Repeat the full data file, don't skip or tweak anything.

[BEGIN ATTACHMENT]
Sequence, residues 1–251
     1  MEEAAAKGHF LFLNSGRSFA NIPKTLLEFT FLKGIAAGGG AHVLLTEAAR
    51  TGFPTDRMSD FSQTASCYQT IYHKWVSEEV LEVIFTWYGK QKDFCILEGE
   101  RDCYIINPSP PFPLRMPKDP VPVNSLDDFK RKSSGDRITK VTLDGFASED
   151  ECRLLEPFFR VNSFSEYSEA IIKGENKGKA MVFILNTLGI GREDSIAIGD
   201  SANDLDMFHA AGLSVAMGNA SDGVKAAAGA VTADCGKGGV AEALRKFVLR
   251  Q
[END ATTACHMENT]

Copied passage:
Sequence, residues 1–251
     1  MEEAAAKGHF LFLNSGRSFA NIPKTLLEFT FLKGIAAGGG AHVLLTEAAR
    51  TGFPTDRMSD FSQTASCYQT IYHKWVSEEV LEVIFTWYGK QKDFCILEGE
   101  RDCYIINPSP PFPLRMPKDP VPVNSLDDFK RKSSGDRITK VTLDGFASED
   151  ECRLLEPFFR VNSFSEYSEA IIKGENKGKA MVFILNTLGI GREDSIAIGD
   201  SANDLDMFHA AGLSVAMGNA SDGVKAAAGA VTADCGKGGV AEALRKFVLR
   251  Q